Those wanting to integrate RSS with Microsoft Outlook email might like to try RSS Popper. Personally I think your email client is the worst location for a RSS reader but there are many who disagree.For some users, display readability and easy subscription is everything while to others, the level of blog integration is the most important attribute.

I fall firmly in the first category. To me RSS is just another information source not a way of life.

Indeed the most important feature in a reader to me is the ability to easily click on a number of interesting items from an integrated display and have a stacked series of Windows relating to the items open in a browser for later reading. That way I can scan quickly for items of interest but read the items at my leisure.

The readers that most conveniently offer this feature are those integrated into browsers rather than stand-alone readers or those that are work with your email client.

My favorite program for doing this is the Firefox extension for Onfolio. It was a commercial product until it was recently acquired by Microsoft who now make it available for free. Naturally Microsoft no longer support the Firefox extension but Onfolio is available for Internet Explorer users as an add-in for the free Windows Live Toolbar. With the IE Onfolio add-in you’ll not only get a great RSS reader you’ll also get a whole bunch of other features including the ability to save and manage web snippets. On the downside you’ll have to have Live Toolbar which many will see as too much of a Faustian bargain.

If you use IE7 you may not need Onfolio as the RSS reader built into IE7 follows the Onfolio model and is excellent though it lacks Onfolio’s excellent snippet management features.

Firefox users are not quite so well placed.

Firefox’s V2 has inbuilt RSS capabilities though it doesn’t work nearly as slickly as IE7. Page feeds are automatically detected and the user is the offered the choice of the online services at Bloglines, My Yahoo! or the Google Reader. All work well enough and for those with a Google account, the Google is option is probably the pick.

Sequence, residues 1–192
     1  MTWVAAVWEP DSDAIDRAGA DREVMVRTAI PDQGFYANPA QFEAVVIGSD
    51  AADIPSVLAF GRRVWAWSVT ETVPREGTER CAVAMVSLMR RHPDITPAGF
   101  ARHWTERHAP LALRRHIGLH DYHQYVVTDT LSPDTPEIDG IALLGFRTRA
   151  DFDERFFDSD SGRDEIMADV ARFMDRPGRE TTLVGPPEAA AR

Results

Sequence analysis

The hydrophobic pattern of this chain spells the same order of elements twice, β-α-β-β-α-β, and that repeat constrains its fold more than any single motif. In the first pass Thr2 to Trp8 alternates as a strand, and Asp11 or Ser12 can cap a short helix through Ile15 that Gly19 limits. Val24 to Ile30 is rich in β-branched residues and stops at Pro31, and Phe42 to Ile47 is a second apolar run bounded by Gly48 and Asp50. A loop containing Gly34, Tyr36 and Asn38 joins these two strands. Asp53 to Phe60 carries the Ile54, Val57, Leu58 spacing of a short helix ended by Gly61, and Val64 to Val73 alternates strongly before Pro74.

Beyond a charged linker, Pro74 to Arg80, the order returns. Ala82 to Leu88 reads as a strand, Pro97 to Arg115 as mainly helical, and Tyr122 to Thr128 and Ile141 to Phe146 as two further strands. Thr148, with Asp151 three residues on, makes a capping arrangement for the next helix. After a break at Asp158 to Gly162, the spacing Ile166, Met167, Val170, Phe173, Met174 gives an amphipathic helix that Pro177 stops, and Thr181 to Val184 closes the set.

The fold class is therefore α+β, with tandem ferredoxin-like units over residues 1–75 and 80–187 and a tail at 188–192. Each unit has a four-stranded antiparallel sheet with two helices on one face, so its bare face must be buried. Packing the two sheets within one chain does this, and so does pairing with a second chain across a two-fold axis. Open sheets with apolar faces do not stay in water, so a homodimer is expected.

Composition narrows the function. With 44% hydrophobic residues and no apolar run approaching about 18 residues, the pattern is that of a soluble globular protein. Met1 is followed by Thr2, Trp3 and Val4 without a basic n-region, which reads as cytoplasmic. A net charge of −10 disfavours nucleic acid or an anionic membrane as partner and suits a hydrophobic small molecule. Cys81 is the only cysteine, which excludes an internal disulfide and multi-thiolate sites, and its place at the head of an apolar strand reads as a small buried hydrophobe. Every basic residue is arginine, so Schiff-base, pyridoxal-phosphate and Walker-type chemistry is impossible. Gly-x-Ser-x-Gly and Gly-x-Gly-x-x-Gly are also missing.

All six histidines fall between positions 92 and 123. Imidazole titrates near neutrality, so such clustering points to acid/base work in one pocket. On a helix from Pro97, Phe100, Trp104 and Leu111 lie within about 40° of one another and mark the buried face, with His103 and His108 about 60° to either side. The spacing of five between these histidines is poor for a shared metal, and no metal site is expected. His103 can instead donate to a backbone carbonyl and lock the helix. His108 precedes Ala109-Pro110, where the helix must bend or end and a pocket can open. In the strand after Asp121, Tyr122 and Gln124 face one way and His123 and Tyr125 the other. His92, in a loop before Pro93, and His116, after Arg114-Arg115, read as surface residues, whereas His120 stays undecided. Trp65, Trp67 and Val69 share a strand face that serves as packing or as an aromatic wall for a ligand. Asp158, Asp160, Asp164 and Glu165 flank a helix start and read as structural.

Apart from these three inbuilt options Firefox allow you use other third party readers as well. You can find instructions here [6] but be aware that not all readers can be integrated.

There are several RSS reader extensions available for Firefox. My top choice used to be the excellent Pluck extension but it is soon to be discontinued. The free Sage RSS reader extension is another possibility. I’ve never liked it much but it might just light your fire.

My old Onfolio Firefox extension still works in Firefox 2 (with the help of the compatibility feature of the Nightly Tester Tools extension) but you need the commercial version of Onfolio to support it so it can hardly be recommended.

If you can’t live with these choices you could try a stand-alone reader.

BlogBridge has a highly readable display and any items clicked will load in the background in separate Firefox tabs for later reading. Even better is the ability to setup Firefox to use BlogBridge as your default reader. That way you can subscribe to new feeds from Firefox and have the feeds handled through BlogBridge, which is quite a neat solution. You’ll need version 4.2 of BlogBridge or later – it won’t work with early versions.

BlogBridge has a whole raft of features including support for almost all feed formats, syncing feeds between PCs, good searching and good integration with Del.icio.us and Flickr. Being Java based it available for most platforms however like all Java applications, there is a performance penalty to pay.

Another excellent stand-alone reader is GreatNews. Its newspaper style layout is one of the best I’ve seen and it’s inbuilt IE based browser allows for quick and efficient viewing of items of interest. It will particularly appeal to Blogline users as it utilizes the Bloglines API to read feeds directly from Bloglines. Like BlogBridge it can be integrated into Firefox

Those wanting to integrate RSS with Microsoft Outlook email might like to try RSS Popper. Personally I think your email client is the worst location for a RSS reader but there are many who disagree.